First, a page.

Quarterly Sales Report: Awesome Con was Awesome

Awesome Con was fantastic. I talked to a ton of cool people, connected with a couple authors, and sold some freaking books.

I wish I had the budget right now to do more conventions, but I’ll just have to be patient. At the very least, I can plan to be at Awesome Con again next year. For now, let’s have a look at how well my first novel actually sold at my first convention.

The initial disclosure for this quarterly report: I haven’t sold a book since December. I haven’t had the budget to market it, but I knew Awesome Con could help springboard me into a more active spring and summer in terms of finding readers.

The Book Pricing

To start things off, and to keep the transparency levels high on this here blog, I’ll give you my cost per book. I ordered my books a bit late and had to pay for expedited delivery in order to get them in time.

So the raw cost per book, plus shipping, plus tax, brought my total cost per book to about $8, which is about a dollar higher than I’m used to.

But I kept my direct sales price the same: $10 per book. It’s low, it’s clean, and at this point, it’s more about meeting readers than turning a profit.

Have a graphic!

The Book Selling

I sold 12 copies of The Warden of Everfeld: Memento at Awesome Con.

!!!!!!

12 people who spoke to me and were interested enough (in my writing or maybe just me) to buy my book. I say they might have been interested in me not to flaunt my obviously charming demeanor, but to say that sometimes, people buy books because they want to support the author, not necessarily because they want to read that book. I’ve done it, you’ve done it, and that’s okay. Support authors and their work.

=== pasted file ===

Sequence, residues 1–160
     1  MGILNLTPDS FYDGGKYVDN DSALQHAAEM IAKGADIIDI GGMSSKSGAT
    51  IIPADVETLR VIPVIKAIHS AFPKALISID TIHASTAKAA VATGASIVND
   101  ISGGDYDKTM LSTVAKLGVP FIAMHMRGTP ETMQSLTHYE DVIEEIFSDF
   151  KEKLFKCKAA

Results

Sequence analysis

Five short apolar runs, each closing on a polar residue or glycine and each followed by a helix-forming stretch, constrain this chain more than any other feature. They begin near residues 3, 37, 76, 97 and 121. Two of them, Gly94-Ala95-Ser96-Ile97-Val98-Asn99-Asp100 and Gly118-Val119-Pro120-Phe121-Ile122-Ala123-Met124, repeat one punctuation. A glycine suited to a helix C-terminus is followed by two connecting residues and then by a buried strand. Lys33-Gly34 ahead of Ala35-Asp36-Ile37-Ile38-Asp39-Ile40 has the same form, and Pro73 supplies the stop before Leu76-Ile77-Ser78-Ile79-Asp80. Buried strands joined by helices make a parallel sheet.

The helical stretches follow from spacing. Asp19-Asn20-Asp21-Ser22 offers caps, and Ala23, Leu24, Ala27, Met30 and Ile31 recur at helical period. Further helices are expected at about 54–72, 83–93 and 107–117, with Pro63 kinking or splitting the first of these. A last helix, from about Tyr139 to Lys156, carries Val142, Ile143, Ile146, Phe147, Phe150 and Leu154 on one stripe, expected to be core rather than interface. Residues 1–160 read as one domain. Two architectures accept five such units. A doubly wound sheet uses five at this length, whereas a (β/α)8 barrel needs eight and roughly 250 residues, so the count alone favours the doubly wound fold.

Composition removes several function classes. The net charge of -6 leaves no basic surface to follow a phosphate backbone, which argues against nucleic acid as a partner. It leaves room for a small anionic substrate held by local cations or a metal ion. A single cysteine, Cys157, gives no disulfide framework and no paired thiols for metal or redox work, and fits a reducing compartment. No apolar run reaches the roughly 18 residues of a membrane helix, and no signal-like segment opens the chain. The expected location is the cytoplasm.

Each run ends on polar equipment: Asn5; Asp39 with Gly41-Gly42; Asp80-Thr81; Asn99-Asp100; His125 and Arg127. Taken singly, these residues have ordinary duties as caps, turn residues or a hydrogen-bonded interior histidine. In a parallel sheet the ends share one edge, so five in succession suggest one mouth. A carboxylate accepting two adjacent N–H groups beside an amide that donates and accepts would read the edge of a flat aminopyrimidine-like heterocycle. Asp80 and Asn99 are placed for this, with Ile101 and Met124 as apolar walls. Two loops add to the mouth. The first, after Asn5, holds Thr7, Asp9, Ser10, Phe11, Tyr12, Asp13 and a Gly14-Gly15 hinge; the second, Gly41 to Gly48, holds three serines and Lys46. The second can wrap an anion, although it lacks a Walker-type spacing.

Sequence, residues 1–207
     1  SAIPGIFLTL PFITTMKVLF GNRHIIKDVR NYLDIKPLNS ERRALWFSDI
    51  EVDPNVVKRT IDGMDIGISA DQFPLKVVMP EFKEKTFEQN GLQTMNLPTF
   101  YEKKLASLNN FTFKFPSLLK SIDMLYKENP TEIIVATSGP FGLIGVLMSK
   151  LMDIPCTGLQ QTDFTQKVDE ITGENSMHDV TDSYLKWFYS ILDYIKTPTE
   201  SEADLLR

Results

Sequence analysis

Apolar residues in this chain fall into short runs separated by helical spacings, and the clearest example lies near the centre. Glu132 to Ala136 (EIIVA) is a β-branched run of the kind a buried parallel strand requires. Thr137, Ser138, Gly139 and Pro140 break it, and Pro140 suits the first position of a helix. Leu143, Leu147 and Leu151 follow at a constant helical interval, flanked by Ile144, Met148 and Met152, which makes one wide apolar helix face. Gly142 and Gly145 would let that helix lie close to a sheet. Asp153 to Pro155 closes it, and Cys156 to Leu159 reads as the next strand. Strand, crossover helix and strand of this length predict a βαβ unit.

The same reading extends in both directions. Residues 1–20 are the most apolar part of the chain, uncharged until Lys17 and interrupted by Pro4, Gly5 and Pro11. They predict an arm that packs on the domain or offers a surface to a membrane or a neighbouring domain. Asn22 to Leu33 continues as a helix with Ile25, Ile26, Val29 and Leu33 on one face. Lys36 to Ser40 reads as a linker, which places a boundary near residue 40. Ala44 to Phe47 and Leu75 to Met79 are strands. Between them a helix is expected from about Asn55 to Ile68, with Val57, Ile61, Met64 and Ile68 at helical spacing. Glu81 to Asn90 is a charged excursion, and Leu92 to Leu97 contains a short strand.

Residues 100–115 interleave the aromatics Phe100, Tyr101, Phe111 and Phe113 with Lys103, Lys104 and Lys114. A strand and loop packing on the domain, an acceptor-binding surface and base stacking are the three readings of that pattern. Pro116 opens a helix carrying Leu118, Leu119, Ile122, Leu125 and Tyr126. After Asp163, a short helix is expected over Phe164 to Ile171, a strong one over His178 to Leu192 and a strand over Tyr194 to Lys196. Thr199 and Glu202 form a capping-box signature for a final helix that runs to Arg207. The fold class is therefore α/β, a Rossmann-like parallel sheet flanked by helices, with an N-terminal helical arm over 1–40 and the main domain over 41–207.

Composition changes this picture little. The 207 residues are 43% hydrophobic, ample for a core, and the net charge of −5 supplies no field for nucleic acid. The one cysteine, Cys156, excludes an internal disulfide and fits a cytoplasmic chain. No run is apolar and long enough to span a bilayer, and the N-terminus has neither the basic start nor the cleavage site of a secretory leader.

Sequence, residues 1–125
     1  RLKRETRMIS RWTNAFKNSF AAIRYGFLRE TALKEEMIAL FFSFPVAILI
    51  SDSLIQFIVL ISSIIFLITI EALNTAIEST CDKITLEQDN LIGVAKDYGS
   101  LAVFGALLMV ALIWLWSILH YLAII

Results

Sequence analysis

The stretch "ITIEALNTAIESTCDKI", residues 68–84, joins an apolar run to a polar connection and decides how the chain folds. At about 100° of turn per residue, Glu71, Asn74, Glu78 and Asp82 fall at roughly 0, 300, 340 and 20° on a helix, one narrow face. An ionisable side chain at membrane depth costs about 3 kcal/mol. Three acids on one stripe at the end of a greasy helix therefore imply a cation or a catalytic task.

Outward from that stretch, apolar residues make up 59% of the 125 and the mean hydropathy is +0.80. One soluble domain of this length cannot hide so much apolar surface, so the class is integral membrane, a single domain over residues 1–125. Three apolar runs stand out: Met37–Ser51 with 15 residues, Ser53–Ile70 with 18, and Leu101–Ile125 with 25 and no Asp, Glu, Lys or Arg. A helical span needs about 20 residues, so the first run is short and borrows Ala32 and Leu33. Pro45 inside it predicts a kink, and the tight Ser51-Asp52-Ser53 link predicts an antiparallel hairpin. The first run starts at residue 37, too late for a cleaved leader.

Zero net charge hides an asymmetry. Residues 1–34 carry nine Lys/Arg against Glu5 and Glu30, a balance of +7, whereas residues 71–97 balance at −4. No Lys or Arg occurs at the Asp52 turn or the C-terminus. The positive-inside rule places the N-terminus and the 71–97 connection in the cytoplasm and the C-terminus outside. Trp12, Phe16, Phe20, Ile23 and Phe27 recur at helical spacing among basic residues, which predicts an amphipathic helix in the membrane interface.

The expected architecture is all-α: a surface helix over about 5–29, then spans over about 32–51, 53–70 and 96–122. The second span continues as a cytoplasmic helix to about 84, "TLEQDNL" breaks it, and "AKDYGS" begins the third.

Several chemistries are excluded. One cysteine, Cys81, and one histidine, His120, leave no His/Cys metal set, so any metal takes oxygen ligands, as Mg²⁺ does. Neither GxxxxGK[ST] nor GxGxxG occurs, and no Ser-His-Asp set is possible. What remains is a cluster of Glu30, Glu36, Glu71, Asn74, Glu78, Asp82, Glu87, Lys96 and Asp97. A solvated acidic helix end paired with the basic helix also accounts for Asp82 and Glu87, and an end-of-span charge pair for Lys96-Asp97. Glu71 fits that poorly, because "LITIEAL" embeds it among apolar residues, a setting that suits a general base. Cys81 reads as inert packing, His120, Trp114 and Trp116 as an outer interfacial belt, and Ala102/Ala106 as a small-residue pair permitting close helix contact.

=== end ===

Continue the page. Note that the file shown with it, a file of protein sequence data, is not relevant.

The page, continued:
Anyway, you can see how many book I sold each of the three days. Saturday was my best with six copies sold. I think I sold three within the first few hours, which was great. I also sold four individual copies that day, meaning someone came to our table, likely heard pitches on each of the five books we were selling, and decided that mine was up their alley.

Amazing. For each of those individual sales, I made $10.

Now, M.L.S. Weech and I also wanted to help each other’s sales, so we created a couple of deals to entice people to buy more than one book for a discount. That’s the benefit of teaming up with other authors or just having more books to sell. Once I actually have more than one story to sell, I can package those into deals too.

So, the big deal we wanted to give readers was 5-for-30: all five of our books for just $30. Because we had five stories that fit into slightly different categories within the sci-fi and fantasy genres, we knew that some readers might be interested in more than one book. Two people decided to take that deal, and I made $8 from each.

The other deal we ran was 2-for-20: two books for $20, usually mine and one of Weech’s longer novels, from which my take was $10 per book.

The 2-for-11 deal on Friday was an aberration. I was talking to someone about our books, and they were interested in mine and one of Weech’s novellas. Weech said he could sell them both for $11, which we happily did. Afterwards, we realized that he did the mental math wrong, so my take was only $8. No big deal. We sold two books to a happy customer, and I made my money back for that book. Things like that tend to happen when you’re haggling, so we just rolled with it.